dejayM's picture

Common Whelk

Observed: 30th October 2013 By: dejayM
Biological Recording In ScotlandHighland Biological Recording GroupOrkney Biodiversity Records Centre
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choc & cream
edible - yum!

Sometimes very large, up to 4½ inches (110mm). Animal is not often seen (to be photographed), nor is it described in the masterbook by Hayward & Ryland (Handbook of Marine Fauna) but is very distinctive cream colour with chocolate marbling - pictures 4&5.
Picture 3 (underwater) shows the supersized siphon.
Picture 6 shows a Dog Whelk for comparison

Species interactions

No interactions present.

Species with which Common whelk (Buccinum undatum) interacts


dejayM's picture


There are not very many posts showing the Common Whelk in all its glory and there is plenty of confusion about whelks in general.
There is 'help' in all the books but some references overlap the Common- and Dog-whelk descriptions. Both, for instance, are described in the Collins Complete (Guide to British Coastal Wildlife) as having a conical spire with ridged whorls and reasonable descriptions are absent from the RSPB Handbook of the Seashore.

That there is some confusion is illustrated in where even experts have disagreed (though some have recently shifted their agreements)
A glance along Other Observations, above, shows that is is easier to tell their eggs apart than their shells.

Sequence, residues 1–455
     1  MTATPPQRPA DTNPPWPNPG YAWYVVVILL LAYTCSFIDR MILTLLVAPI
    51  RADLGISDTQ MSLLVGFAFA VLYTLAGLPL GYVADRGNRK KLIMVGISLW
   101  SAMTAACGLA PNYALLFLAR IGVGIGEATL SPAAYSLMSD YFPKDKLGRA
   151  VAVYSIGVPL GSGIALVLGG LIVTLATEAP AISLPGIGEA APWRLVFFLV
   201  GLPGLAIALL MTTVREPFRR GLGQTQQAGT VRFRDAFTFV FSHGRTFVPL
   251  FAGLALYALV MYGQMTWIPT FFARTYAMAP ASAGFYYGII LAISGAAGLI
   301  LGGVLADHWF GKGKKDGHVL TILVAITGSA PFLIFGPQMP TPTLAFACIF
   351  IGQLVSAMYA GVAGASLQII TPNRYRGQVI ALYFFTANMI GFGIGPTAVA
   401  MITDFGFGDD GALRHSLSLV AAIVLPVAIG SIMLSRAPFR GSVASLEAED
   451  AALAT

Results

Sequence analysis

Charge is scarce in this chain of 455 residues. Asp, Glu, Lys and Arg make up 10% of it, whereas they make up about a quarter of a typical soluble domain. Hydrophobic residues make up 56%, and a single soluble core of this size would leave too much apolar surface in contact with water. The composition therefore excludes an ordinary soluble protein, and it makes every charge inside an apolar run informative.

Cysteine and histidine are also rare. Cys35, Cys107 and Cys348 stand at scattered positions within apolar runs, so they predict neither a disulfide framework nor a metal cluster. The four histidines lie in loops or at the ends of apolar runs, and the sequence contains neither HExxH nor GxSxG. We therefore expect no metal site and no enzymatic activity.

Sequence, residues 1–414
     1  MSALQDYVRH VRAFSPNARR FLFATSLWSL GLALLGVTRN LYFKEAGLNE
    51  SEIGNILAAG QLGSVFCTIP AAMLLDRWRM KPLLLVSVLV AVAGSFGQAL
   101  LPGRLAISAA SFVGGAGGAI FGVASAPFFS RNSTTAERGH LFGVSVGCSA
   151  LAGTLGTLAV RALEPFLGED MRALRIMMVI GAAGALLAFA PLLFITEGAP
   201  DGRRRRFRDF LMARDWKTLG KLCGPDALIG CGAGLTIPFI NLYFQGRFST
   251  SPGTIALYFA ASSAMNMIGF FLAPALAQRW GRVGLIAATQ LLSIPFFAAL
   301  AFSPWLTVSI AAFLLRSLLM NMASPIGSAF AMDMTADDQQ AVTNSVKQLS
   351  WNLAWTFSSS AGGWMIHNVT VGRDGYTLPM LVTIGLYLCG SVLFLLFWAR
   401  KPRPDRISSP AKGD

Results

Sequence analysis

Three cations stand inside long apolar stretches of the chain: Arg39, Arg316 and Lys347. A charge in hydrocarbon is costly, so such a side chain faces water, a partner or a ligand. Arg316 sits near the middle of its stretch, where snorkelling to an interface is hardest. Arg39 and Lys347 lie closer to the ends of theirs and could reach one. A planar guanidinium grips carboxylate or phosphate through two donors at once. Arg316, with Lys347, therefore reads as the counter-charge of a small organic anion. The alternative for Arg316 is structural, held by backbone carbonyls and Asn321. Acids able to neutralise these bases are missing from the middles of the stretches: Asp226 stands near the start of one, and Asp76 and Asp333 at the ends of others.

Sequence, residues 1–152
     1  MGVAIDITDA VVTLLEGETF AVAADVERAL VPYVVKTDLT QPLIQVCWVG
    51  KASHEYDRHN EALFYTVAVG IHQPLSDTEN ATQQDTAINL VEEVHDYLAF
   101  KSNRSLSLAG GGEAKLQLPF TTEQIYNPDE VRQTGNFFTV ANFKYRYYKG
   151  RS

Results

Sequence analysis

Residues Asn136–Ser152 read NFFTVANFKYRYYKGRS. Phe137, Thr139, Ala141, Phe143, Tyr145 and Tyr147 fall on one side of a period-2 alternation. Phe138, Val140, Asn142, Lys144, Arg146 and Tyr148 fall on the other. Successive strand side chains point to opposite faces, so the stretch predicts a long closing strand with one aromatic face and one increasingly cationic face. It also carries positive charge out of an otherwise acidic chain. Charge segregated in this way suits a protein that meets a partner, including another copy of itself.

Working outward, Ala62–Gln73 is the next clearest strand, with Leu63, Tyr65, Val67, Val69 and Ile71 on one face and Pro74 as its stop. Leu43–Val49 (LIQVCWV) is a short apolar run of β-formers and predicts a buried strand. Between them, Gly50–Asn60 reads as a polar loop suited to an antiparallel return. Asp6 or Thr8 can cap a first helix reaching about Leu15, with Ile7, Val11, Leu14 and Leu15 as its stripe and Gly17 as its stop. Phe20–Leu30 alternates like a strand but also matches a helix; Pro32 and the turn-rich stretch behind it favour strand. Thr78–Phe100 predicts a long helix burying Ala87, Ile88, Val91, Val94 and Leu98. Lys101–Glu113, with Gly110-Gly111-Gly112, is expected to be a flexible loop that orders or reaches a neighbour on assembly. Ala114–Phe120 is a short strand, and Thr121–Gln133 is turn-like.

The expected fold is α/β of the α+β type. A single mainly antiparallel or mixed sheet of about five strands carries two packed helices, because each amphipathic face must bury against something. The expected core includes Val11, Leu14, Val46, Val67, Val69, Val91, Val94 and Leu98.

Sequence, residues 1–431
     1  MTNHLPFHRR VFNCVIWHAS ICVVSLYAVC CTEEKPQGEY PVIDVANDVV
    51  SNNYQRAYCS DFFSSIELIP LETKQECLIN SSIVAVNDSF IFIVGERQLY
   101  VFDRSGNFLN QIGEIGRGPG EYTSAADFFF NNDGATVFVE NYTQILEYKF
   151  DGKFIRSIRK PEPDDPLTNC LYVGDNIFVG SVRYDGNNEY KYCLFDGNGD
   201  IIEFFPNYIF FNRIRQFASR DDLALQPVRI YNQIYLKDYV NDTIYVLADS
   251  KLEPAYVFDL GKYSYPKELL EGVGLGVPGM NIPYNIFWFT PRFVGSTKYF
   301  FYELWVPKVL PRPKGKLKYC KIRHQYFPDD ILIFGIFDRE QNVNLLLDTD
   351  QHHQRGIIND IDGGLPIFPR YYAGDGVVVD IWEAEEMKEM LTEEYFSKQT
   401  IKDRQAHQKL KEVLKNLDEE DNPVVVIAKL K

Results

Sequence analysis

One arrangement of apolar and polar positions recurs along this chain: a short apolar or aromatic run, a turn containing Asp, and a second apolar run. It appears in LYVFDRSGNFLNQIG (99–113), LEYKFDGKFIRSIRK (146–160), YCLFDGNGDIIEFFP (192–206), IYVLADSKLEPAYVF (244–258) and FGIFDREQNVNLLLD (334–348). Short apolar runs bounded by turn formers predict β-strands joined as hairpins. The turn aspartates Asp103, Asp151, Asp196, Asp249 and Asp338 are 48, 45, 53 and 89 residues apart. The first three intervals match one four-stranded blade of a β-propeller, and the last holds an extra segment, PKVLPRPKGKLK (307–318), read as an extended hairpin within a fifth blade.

What we should be looking for, apart from size difference in adults (Common Whelk is by far the larger), are the sculpted longitudinal ridges shown in Picture 2 (though note in P4 how smooth the shell is). There is often little difference in shape, opening, siphon or colour but another clue, if you have both to hand is the relative narrowness of the apperture of the Dog Whelk.
The animal, should you see it, is completely different though - once you've seen a mobile Common Whelk, you will know what you've found!
There is a good summary here
but I was taken aback by the statement "The whelk mainly lives in cold water with a salt content of around 2 to 3 percent. The whelk lives on different soils, but it is most frequently found on soft ground, for example muddy and sandy...."
Thanks for your response below Cathal - I am so eager to set examples but might get lost in the detail!

nightfly's picture

Very good pictures Derek,

Very good pictures Derek, especially pic 6 which gives a comparison of both in one shot. I think this simple approach is often overlooked as a tool for describing differences in similar species. Sometimes it can do a much better job than many words can do. Good post.


JoC's picture

taken aback

is it the word 'soil' that took you aback? It could be a translation for substrate (the post is from Austria). Or is it something else I have missed? In any case good pictures which unusually show the body of the mollusc.


dejayM's picture


Yes, there are a few very forgivable translational 'errors'. But the statement about 2% salt (normally nearly 3.5%) is also interesting. Is this creature to be found high in estuaries?

JoC's picture

Sea saltiness

Yes, 3.5% would be a better figure... Austria has no sea shore...
I don't think it's an estuarine species either,


dejayM's picture

Coming back

See how valuable a comment trail is? (usually!)
I returned because I am about to post another. Maybe we should not repeat posts but my new one will be different, so I look forward to a decent comment trail!.